The Amazons are warriors through and through here, and one of my favorite scenes takes place on Themyscira and shows off just how completely badass the Amazons are.
Diana Prince herself as portrayed by Zack Snyder is every bit as warm and compassionate and kind as we’ve come to expect from the character, but the movie also never forgets that she was raised on an island of warriors and is a warrior with 5000 years of experience under her belt. You get the distinct impression that this Diana would have snapped Maxwell Lord’s neck as she did in the comics, rather than delivering an unbearably cheesy ten minute monologue about the power of love.
She’s also an unquestioned leader of the Justice League, an equal to Bruce in terms of leadership and his better in terms of battle and strategy. She gets one of my favorite battle moments in the entire film — one that I hope will be endlessly gif’d so that I can continue to see over and over again.
In terms of the team as a whole, their chemistry is fantastic. Each of the characters gets scenes with one another and there are a few duos about whom I’d gladly see an entire movie. It makes me desperately wish that we were getting more of this universe of characters with this specific characterization.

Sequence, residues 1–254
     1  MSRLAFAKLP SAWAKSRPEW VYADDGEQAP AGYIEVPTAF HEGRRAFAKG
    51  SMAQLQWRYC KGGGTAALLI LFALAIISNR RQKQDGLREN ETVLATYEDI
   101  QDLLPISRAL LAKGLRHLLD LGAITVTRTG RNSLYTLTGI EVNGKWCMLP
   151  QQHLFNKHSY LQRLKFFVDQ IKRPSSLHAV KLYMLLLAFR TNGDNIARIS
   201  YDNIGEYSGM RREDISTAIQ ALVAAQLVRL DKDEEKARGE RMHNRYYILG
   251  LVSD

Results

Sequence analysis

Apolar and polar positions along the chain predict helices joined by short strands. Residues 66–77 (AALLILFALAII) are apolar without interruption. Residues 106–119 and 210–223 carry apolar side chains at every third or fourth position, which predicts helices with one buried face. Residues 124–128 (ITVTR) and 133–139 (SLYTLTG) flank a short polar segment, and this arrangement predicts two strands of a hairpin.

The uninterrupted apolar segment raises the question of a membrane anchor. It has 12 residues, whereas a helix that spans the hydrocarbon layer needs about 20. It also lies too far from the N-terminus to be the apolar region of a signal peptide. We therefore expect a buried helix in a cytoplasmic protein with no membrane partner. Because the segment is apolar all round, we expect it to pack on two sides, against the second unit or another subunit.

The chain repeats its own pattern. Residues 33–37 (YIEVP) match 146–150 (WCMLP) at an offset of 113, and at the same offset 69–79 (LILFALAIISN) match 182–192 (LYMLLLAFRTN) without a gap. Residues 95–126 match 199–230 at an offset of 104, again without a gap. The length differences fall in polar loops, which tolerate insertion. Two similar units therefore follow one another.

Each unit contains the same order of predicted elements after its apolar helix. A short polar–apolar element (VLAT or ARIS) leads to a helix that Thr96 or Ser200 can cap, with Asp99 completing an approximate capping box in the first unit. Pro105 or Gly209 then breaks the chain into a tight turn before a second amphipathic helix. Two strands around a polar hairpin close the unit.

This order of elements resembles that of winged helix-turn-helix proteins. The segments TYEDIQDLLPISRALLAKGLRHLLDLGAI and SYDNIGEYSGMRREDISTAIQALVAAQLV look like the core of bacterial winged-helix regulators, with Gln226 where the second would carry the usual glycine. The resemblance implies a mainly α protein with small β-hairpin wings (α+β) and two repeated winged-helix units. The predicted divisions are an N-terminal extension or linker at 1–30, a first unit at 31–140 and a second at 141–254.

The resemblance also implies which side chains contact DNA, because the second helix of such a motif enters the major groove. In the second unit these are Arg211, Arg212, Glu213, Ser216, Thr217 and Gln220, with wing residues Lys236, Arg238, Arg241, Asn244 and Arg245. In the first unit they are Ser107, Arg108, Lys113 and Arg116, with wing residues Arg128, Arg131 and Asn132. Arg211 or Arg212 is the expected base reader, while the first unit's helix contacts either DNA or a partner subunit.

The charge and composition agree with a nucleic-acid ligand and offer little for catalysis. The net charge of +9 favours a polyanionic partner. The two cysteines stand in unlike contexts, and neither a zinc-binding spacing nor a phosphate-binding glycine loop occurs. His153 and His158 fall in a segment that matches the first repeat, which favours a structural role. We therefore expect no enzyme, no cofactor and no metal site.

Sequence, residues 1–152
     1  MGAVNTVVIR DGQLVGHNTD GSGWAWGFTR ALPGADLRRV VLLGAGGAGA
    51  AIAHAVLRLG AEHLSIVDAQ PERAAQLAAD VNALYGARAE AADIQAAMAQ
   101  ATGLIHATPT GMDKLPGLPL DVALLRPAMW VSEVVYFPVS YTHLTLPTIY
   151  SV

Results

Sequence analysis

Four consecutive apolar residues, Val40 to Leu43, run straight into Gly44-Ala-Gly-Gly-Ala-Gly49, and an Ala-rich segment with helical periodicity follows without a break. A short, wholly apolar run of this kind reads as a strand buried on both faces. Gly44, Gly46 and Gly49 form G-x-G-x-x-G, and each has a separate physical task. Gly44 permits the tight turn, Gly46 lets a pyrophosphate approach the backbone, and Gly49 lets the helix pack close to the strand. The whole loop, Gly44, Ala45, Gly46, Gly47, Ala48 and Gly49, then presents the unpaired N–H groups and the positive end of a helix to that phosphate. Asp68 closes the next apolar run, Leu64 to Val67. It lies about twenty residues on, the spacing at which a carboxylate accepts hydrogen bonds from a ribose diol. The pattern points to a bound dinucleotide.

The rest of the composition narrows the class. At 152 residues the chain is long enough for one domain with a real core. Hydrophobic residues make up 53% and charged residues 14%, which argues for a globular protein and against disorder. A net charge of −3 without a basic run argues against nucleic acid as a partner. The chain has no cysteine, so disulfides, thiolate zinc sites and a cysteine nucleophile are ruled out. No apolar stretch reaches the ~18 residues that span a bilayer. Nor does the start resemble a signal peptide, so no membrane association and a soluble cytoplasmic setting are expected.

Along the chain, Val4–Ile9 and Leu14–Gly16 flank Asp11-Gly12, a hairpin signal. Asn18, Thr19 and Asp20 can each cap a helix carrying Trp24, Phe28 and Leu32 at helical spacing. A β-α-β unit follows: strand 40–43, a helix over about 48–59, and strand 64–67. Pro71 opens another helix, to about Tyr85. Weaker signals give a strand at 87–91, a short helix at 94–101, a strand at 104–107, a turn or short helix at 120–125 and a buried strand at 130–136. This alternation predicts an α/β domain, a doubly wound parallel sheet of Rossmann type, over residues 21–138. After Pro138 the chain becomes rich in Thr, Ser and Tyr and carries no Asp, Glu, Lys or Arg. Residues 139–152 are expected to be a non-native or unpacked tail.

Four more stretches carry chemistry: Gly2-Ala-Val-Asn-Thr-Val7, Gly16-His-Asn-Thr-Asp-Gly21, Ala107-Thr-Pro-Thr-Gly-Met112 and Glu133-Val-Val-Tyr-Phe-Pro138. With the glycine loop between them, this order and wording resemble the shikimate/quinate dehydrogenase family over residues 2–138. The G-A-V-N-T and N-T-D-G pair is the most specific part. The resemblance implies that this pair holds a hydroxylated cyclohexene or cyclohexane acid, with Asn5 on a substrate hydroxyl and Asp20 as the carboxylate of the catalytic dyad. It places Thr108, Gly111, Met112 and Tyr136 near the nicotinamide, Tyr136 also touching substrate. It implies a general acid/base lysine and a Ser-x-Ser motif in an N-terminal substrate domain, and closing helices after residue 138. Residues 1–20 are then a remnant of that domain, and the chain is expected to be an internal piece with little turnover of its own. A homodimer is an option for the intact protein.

Despite the somberness of the world we initially enter, this film is actually much lighter in time than the last two — but manages to do it without devolving into the forced quips and juvenile humor of the theatrical version.
Ezra Miller’s Flash brings a lot of levity and jokes to the mix without becoming a joke himself; in fact, he gets one of the best action sequences of the entire movie, one that highlights just how powerful he truly is. There are a lot more situational gags and dry humor than you might expect given the previous outing and not a single bit or line feels forced or out of place.
However, despite the lighter tone, the movie still takes itself seriously — which is something I’ve always liked and admired about Zack Snyder’s superhero films.
I don’t mean to say that I like misanthrophic themes storytelling; I, in fact, dislike that kind of storytelling quite a lot. But I don’t, as many seem to, equate serious with relentlessly hopeless or grimdark (which are often words used to describe Zack Snyder’s superhero films).
What I mean when I say that Zack Snyder takes his superhero movies seriously is that he treats his characters like real people existing in the real world. His movies aren’t precious about its heroes — they don’t take the goodness of heroes for granted, they don’t leave decisions unquestioned, and they don’t ignore the repercussions of their actions.
That’s as true in this movie as it was in his previous ones.
While Batman v Superman was all about the repercussions of the existence of The Superman, Justice League is about the consequences of having to now live in a world without him. The movie doesn’t gloss over his loss or attempt to move past it quickly — it delves into it, exploring the ramifications of such a loss.